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August 1990

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A House Much Divided,

Zagreb, capital of Croatia, is Yugoslavia’s economic and industrial leader. With its green parks, baroque 17th- and 18th-century buildings, and imposing boulevards rattling with streetcars, it smacks of yesteryear’s Vienna.

Last winter when Croatia announced its first free elections in 50 years, some 30 parties rushed into the fray. As students of Balkan history might have predicted, the most formidable opposition (winning a sweeping victory in this spring’s voting) was led by a man who had been imprisoned for Croatian nationalism.

Franjo Tudjman, 68, historian, author, and former Partisan general, ran his campaign out of a one-story wooden building beside Zagreb’s railroad tracks. I had to ask in several of the 15 small rooms before I found him.

“My earlier books led to a charge of espionage in 1972,” he said. “The judge wanted to put me in prison for 20 years, but Tito reduced it to two. He knew I was working against Serbian hegemony. Tito forbade all talk of ‘Great Serbia,’ but now it has become flagrant again. We have to do something about it or get out of Yugoslavia. We aren’t yet asking for independence. We want to try confederation; only with looser ties can we continue to live in Yugoslavia.”

In the mountainous heart of Yugoslavia hundreds of schoolchildren were walking long distances along the highway while their elders herded sheep and cattle. Several families creaked along in heavy wooden wagons, their horses plodding as if each lift of a hoof might be the last. The road climbed through thick forests and along rushing rivers. Every few miles a lamb turning on a spit outside advertised a gostionica, or roadhouse.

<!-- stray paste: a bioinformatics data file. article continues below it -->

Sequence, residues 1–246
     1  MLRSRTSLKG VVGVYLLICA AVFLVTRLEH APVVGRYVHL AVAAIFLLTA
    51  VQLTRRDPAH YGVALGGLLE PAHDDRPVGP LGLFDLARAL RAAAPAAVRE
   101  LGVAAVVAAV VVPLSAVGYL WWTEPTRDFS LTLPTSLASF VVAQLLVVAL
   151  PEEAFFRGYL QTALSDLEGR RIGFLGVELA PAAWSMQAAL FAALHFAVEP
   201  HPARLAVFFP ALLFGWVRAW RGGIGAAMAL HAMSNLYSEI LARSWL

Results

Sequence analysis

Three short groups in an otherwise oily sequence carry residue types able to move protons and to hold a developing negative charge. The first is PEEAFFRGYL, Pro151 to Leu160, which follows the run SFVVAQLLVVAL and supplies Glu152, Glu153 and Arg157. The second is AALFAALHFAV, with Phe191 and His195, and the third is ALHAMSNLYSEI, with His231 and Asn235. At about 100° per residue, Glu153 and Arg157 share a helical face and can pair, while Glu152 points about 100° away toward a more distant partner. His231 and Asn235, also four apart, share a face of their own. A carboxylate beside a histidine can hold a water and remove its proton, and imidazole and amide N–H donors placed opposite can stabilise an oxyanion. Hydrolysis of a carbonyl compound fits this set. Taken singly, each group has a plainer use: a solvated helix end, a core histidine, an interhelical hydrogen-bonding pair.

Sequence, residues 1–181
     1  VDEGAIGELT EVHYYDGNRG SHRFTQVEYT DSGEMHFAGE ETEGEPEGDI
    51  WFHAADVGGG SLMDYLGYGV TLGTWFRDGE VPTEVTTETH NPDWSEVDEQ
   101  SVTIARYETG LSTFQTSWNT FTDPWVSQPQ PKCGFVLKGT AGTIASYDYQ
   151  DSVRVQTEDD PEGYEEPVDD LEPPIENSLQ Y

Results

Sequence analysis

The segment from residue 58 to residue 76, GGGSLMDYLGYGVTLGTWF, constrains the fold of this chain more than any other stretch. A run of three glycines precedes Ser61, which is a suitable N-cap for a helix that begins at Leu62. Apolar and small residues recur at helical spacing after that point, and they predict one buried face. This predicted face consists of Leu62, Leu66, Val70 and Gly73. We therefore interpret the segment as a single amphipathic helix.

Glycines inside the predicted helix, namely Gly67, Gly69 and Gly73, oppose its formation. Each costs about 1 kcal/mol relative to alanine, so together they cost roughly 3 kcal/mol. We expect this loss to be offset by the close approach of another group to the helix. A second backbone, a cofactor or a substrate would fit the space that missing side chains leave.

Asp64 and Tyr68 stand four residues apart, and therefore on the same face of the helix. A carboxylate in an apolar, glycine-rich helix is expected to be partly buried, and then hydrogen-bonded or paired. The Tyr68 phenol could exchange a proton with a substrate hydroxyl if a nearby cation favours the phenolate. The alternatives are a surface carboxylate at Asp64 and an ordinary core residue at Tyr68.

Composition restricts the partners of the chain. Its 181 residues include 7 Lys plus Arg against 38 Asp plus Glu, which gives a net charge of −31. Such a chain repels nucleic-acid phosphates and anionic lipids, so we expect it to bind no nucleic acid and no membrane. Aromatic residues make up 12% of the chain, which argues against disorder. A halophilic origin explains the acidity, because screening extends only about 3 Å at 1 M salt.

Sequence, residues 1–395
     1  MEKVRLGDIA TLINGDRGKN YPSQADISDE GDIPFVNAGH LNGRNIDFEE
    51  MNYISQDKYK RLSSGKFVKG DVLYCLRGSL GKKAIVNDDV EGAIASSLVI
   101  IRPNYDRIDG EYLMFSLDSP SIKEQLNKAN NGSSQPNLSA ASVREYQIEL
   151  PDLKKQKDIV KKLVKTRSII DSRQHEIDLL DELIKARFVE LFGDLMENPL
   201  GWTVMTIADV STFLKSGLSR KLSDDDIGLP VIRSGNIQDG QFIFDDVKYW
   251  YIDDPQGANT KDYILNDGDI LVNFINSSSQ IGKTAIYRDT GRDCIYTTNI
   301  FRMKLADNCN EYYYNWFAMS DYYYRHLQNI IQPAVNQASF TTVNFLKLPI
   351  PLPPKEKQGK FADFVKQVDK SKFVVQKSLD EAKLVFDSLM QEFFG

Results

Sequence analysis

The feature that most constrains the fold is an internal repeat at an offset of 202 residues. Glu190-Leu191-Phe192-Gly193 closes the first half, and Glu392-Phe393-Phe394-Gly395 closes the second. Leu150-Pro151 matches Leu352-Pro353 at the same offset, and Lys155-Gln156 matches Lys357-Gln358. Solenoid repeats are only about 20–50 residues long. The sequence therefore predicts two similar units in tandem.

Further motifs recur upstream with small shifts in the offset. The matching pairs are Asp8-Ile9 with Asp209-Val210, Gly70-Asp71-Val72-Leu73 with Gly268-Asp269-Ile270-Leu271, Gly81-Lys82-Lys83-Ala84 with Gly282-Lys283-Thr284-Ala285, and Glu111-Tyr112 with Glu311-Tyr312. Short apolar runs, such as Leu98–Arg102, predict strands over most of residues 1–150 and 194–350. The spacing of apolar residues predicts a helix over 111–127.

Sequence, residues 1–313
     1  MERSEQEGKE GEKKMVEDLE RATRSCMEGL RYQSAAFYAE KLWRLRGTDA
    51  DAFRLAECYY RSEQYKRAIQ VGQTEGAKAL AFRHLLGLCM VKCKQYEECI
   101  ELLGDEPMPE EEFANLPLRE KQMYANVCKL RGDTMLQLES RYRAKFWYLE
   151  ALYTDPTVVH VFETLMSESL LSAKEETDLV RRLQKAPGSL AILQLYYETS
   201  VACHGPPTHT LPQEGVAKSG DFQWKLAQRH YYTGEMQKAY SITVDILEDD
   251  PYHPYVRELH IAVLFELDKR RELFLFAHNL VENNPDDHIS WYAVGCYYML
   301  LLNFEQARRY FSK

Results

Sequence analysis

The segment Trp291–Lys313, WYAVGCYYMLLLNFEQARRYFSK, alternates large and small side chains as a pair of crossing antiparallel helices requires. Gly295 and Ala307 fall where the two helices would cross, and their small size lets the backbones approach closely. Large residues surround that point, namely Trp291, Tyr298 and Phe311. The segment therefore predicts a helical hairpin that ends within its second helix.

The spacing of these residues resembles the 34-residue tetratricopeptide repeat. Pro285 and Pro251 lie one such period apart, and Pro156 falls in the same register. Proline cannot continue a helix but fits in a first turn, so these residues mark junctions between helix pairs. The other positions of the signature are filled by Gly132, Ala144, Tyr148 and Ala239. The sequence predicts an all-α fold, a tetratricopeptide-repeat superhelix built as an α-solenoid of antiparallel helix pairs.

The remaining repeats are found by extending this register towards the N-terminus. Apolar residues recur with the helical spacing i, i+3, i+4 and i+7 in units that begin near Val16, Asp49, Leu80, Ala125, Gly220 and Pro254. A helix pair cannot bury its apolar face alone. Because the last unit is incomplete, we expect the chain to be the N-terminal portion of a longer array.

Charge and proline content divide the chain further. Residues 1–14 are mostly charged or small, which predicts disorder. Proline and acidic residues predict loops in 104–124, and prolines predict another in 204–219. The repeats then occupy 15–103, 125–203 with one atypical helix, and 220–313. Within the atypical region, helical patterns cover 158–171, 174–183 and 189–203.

When I first began to travel in Yugoslavia, I was amazed by the number of unfinished houses. Then I came to accept them along with mosques, minarets, castles, and campaniles as part of the architectural landscape. Some are four stories high, as if their owners hope someday to shelter several generations and tourists too. Construction may go on for years, and many builders, despairing of ever completing them, put up a door and a few windows and move into only one part.

This is called divlja gradnja (wild building). Built without permits, officially these homes do not exist. Since the graft to get permits can cost more than materials, people go ahead, undeterred by the lack of streets and utilities. From time to time the police blow up a few of the places. Work soon resumes.

* * *

Nowadays Roman Catholics, at least, have a refuge that has little to do with race or politics. Seaward from Sarajevo, up in the scraggy hills not far from the historic town of Mostar, lies the phenomenon called Medjugorje.

A decade ago you’d have been lucky if anyone 20 miles away could have told you how to get there. No hotel bed was to be found in the entire village. Nobody would have sold you a meal, although they might have given you one, figuring you must be lost if you were in Medjugorje.

Then, on June 24, 1981, six teenagers came down from the hill where they had been tending goats. Excitedly they told of seeing the Virgin Mary. She soon promised to deliver ten secrets and other messages.

Word spread rapidly. Snack bars popped up. Local people found corners for extra beds. The establishment frowned and had the visionaries examined by a psychiatrist. The Vatican remained skeptical.

Still the legend grew. Mary continued to appear every day. She said she wanted peace on earth, and wept because she saw so little of it. Now there are 12,000 tourist beds in Medjugorje, where ten times as many taxis line up as you can find at the Belgrade airport.